New Orleans is already displaying signs of a demographic shift so dramatic that some evacuees describe it as ethnic cleansing. Before the mayor, Ray Nagin, called for a second evacuation, the people streaming back into dry areas were mostly white, while those with no homes to return to are overwhelmingly black. This, we are assured, is not a conspiracy; it is simple geography - a reflection of the fact that wealth in New Orleans buys altitude. That means that the driest areas are the whitest: the French Quarter is 90% white; the Garden District, 89%; Audubon, 86%; neighbouring Jefferson Parish, where people were also allowed to return, 65%.
Some dry areas, like Algiers, did have large low-income African-American populations, but in all the billions allocated for reconstruction there is no budget for transportation from the far-flung shelters where those residents ended up. So even when resettlement is permitted, many may not be able to return. As for the hundreds of thousands of residents whose low-lying homes and housing projects were destroyed by the flood, Drennen says the city now has an opportunity for "21st-century thinking": rather than rebuild ghettoes, New Orleans should be resettled with "mixed income" housing, where rich and poor, black and white, live side by side.
What Drennen does not say is that this kind of urban integration could happen tomorrow, on a massive scale. Roughly 70,000 of New Orleans's poorest homeless evacuees could move back to the city, alongside returning white homeowners, without a single new structure being built. Take the Lower Garden District, where Drennen himself lives. It has a surprisingly high vacancy rate - 17%, according to the 2000 census. At that time 702 housing units stood vacant, and since the market has not improved and the district was barely flooded, they are presumably still vacant. It is much the same in the other dry areas, with landlords preferring to board up apartments rather than lower rents.
In areas that sustained only minor damage and are on the mayor's repopulation list, there are at least 11,600 empty apartments and houses. If Jefferson Parish is included, that number soars to 23,270. That means homes could be found for roughly 70,000 evacuees. With the city's permanently homeless residents estimated at 200,000, that is a significant dent in New Orleans's housing crisis.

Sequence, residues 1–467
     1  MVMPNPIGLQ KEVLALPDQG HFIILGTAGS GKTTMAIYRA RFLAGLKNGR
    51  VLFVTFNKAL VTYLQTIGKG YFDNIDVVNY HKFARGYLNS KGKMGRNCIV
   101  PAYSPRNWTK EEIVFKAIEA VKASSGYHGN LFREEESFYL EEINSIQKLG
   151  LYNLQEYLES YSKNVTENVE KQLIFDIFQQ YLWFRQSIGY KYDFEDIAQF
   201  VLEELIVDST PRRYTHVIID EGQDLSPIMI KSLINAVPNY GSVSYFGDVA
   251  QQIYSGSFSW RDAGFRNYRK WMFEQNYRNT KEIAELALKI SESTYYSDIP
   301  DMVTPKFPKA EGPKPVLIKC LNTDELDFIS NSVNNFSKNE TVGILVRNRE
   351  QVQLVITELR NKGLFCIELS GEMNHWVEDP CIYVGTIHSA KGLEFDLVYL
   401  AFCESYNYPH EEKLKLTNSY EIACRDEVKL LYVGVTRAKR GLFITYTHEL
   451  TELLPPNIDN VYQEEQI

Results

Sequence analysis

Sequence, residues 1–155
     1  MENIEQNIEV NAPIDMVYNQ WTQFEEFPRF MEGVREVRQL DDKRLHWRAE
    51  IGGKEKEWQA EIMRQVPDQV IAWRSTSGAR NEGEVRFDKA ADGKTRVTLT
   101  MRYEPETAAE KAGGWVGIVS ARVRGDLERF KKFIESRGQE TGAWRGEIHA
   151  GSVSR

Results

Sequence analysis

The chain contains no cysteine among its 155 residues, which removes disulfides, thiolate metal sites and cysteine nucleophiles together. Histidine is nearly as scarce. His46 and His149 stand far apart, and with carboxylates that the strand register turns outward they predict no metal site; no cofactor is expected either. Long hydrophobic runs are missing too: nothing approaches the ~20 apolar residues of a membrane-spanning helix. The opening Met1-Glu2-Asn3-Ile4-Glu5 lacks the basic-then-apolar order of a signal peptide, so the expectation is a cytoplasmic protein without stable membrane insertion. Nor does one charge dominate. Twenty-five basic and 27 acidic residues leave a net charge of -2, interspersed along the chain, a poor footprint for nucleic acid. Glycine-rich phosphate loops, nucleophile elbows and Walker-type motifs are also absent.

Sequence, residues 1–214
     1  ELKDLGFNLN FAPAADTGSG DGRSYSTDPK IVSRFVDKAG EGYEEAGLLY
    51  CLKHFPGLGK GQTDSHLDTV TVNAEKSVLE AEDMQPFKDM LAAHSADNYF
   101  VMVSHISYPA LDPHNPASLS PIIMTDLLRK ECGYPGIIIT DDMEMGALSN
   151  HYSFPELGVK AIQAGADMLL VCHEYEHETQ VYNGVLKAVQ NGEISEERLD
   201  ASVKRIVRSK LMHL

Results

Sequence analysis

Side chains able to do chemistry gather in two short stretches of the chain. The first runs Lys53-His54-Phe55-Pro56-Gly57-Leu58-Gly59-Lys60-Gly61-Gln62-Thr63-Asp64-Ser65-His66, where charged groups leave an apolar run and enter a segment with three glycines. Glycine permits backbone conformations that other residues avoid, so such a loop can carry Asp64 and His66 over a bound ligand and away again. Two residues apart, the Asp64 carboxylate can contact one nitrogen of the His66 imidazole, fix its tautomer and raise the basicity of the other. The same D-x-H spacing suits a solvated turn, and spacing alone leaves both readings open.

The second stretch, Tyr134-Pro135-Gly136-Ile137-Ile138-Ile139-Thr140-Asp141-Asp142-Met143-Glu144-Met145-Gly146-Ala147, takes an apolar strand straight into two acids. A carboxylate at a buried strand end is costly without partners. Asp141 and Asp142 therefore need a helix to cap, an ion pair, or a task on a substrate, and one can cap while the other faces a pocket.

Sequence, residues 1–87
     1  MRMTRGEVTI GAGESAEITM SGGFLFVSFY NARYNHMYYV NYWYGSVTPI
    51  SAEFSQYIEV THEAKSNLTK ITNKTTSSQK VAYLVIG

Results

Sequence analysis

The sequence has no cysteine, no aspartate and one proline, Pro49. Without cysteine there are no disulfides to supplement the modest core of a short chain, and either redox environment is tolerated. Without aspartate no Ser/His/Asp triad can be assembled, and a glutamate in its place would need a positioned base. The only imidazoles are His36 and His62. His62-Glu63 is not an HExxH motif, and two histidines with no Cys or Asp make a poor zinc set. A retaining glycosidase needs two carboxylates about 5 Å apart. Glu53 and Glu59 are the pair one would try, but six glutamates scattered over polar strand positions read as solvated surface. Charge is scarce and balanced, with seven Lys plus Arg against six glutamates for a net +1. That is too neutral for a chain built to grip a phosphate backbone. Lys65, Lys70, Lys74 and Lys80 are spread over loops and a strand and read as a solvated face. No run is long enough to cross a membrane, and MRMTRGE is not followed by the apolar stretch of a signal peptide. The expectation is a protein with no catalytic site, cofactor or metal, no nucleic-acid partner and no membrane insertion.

Malcolm Suber, a longtime New Orleans community activist, was shocked to learn that thousands of livable homes were sitting empty. "If there are empty houses in the city," he says, "then working class and poor people should be able to live in them." According to Suber, taking over vacant units would do more than provide much-needed immediate shelter - it would move significant numbers of poor residents back into the city, preventing key decisions about its future from being made exclusively by those who can afford land on high ground. But he concedes that it will be a fight: the old-line families in Audubon and the Garden District may pay lip service to "mixed income" housing, "but the Bourbons uptown would have a conniption ... It will certainly be interesting."
Equally interesting will be the response from the Bush administration, especially its ideological obsession with building a radically privatised "ownership society". It's an obsession that has already come to grip the entire disaster zone, with emergency relief provided by the Red Cross and Wal-Mart, and reconstruction contracts handed to Bechtel and Halliburton - the same group that has been paid billions while failing to bring Iraq's services up to prewar levels.
This vision was laid out in undisguised form during a meeting at the Heritage Foundation's Washington headquarters this month. There, a Republican group compiled a list of 32 "pro-free-market ideas for responding to Hurricane Katrina and high gas prices", including school vouchers and repealing environmental regulations. Among the proposals were: "Make the entire affected area a flat-tax free-enterprise zone." Nothing energises the neocon true believers like a good disaster.
· Research assistance was provided by Aaron Maté; a version of this column was first published in The Nation

Publié dans African diaspora